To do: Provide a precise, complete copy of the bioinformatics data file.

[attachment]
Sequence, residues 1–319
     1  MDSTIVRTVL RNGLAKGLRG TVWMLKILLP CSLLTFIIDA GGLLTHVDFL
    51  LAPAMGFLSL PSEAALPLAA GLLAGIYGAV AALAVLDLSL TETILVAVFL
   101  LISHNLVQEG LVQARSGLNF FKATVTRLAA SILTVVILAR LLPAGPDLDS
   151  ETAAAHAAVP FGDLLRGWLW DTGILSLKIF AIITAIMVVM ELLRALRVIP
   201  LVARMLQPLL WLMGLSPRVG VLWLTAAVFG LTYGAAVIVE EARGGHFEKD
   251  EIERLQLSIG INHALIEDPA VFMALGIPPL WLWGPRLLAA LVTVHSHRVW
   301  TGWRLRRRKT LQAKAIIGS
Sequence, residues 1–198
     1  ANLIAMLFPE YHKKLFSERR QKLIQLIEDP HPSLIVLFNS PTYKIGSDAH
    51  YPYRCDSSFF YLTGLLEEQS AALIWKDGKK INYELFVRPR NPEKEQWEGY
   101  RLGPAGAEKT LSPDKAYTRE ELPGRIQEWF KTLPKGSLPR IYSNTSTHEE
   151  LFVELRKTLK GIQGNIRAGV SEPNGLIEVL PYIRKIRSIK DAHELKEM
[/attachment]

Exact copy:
Sequence, residues 1–319
     1  MDSTIVRTVL RNGLAKGLRG TVWMLKILLP CSLLTFIIDA GGLLTHVDFL
    51  LAPAMGFLSL PSEAALPLAA GLLAGIYGAV AALAVLDLSL TETILVAVFL
   101  LISHNLVQEG LVQARSGLNF FKATVTRLAA SILTVVILAR LLPAGPDLDS
   151  ETAAAHAAVP FGDLLRGWLW DTGILSLKIF AIITAIMVVM ELLRALRVIP
   201  LVARMLQPLL WLMGLSPRVG VLWLTAAVFG LTYGAAVIVE EARGGHFEKD
   251  EIERLQLSIG INHALIEDPA VFMALGIPPL WLWGPRLLAA LVTVHSHRVW
   301  TGWRLRRRKT LQAKAIIGS
Sequence, residues 1–198
     1  ANLIAMLFPE YHKKLFSERR QKLIQLIEDP HPSLIVLFNS PTYKIGSDAH
    51  YPYRCDSSFF YLTGLLEEQS AALIWKDGKK INYELFVRPR NPEKEQWEGY
   101  RLGPAGAEKT LSPDKAYTRE ELPGRIQEWF KTLPKGSLPR IYSNTSTHEE
   151  LFVELRKTLK GIQGNIRAGV SEPNGLIEVL PYIRKIRSIK DAHELKEM